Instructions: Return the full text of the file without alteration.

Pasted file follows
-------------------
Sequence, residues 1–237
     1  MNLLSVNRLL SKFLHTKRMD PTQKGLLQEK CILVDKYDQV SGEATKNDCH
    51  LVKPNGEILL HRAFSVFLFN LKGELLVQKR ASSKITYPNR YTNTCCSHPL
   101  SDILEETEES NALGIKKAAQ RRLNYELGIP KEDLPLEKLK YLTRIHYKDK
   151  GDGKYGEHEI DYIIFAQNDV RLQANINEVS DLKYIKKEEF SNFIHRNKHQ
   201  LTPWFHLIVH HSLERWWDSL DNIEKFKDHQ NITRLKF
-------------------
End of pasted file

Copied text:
Sequence, residues 1–237
     1  MNLLSVNRLL SKFLHTKRMD PTQKGLLQEK CILVDKYDQV SGEATKNDCH
    51  LVKPNGEILL HRAFSVFLFN LKGELLVQKR ASSKITYPNR YTNTCCSHPL
   101  SDILEETEES NALGIKKAAQ RRLNYELGIP KEDLPLEKLK YLTRIHYKDK
   151  GDGKYGEHEI DYIIFAQNDV RLQANINEVS DLKYIKKEEF SNFIHRNKHQ
   201  LTPWFHLIVH HSLERWWDSL DNIEKFKDHQ NITRLKF